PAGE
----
# How to probe the homogeneity of the universe ?

1. May 15, 2006

### brahma

We can probe the isotropy of the universe by observing the universe just from a single place. However, as I know, that is not true for homogeneity.

What type of expriments we can carry out on ground or spcae, for probing the homogeneity of the universe.

2. May 15, 2006

### Garth

If the universe is homogeneous then it will look isotropic.

However, if the universe looks isotropic then it does not necessarily mean it is homogeneous, so this is a good question as you rightly said we can only observe the universe from a single location.

If the universe is non-homogeneous it would look isotropic at only one, or a few, very special places within it. For example, the density could be distributed in concentric spherical shells but if so then it would only look isotropic from the very centre.

If we now apply the Coperican Principle, that we are not situated at a special place within the universe, then as the universe does looks isotropic, and back at the Surface of Last Scattering was so to one part in 105, then we can say it is homogeneous as well.

Note, we might violate the Coperican Principle with the Anthropic Principle if we want to and pose the hypothesis that only at the very centre of such a series of concentric shells is life possible. Then we are here at such a centre and observe an isotropic universe because we can be nowhere else, however, this would appear to be very contrived.

Garth

Last edited: May 15, 2006
3. May 15, 2006

### SpaceTiger

Staff Emeritus
Not necessarily. See here:

For example, a uniform vector field is homogeneous, but anisotropic. Isotropy about every point implies homogeneity, but you're right that isotropy about one point does not.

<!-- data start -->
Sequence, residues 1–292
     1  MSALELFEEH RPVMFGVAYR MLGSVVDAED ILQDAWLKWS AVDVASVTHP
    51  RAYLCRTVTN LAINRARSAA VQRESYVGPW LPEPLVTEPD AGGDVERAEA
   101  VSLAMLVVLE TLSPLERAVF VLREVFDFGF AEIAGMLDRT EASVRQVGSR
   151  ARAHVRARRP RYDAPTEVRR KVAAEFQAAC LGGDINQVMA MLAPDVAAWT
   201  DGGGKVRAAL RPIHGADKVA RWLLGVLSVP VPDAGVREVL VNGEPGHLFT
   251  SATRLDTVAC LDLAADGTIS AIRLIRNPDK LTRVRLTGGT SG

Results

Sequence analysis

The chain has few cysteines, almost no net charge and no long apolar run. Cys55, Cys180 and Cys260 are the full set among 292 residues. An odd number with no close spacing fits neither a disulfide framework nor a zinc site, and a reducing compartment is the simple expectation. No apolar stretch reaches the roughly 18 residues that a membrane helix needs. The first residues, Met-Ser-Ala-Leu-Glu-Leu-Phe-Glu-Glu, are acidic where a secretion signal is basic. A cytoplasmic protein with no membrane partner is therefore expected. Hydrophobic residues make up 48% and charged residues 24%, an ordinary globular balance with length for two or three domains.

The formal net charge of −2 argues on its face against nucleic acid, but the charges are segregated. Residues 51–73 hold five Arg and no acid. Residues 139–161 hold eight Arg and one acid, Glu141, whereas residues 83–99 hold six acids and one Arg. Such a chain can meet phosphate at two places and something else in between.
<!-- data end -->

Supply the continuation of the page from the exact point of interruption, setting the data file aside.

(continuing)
4. May 15, 2006

### brahma

Garth, you are absolutely right ! I know it is diificult, but still I want to know if there is any way to check homogeneity. Yes of course theoretical considerations like Compernical principle etc., are there... l

5. May 15, 2006

### Garth

Yes, that is an possible added complication. I was talking from within the standard Friedmann R-W assumptions of the equation of state being a perfect fluid with homogeneous pressure and density.

Your illustration in that link of the three forests was very instructive, thank you. Do you have a specific theory or example in mind that suggests a cosmological uniform vector field?

brahma the problem in testing homogeneity, which has been seriously suggested by others, is that in an isotropic universe curvature effects become convoluted with any isotropic (from Earth) inhomogenities, and you cannot separate the two.

For example, it has been seriously suggested that cosmic acceleration may be explained by our observable universe being located in a relative void in a much larger universe of overall greater density. The outer regions, which we see at high z and are therefore early, are also being attracted outwards isotropically from the Milky Way.

That does not explain why we should be in the centre of such a void of course, unless you invoke the Anthropic Principle....

Garth

6. May 15, 2006

### SpaceTiger

Staff Emeritus
Most theories that I'm familiar make an attempt to satisfy the cosmological principle, but some have considered using a uniform vector field (rather than a scalar field) to induce inflation:

Inflation driven by a vector field

7. May 15, 2006

### Garth

Yes, thank you, so the universe as it exits the Inflation epoch is anisotropic, but then this anisotropy is smoothed out and dies away either during the reheating period or later, if collisionless particles are created, during reheating.

Garth

Last edited: May 16, 2006
8. May 23, 2006

### Nereid

Staff Emeritus
Depending upon just what sort of 'inhomogeneity' you wish to probe, there are several observational programmes you could undertake.

For example, the 3D distribution of luminous baryonic matter - are there regions of the observable universe where galaxies, clusters, superclusters, walls, voids etc are distributed differently than in the rest of the observable universe? To some extent, the 2dF and SDSS surveys answer these questions, as does 2MASS (AFAIK, no inhomogeneity found).

The CMB can be used as another probe, both what we see from Earth, and the (past, distant) temperature we can infer from spectroscopic studies of distant gas clouds.

A different probe might be the 3D distribution of GRBs, assuming that one day we can measure their distance to within +/- 30% (say).

Finally, there is the in principle probe of the neutrino equivalent of the CRB. Sadly there appears to be no way we can even detect this, let alone use it to probe inhomogenities, without some major developments in particle physics.

9. May 24, 2006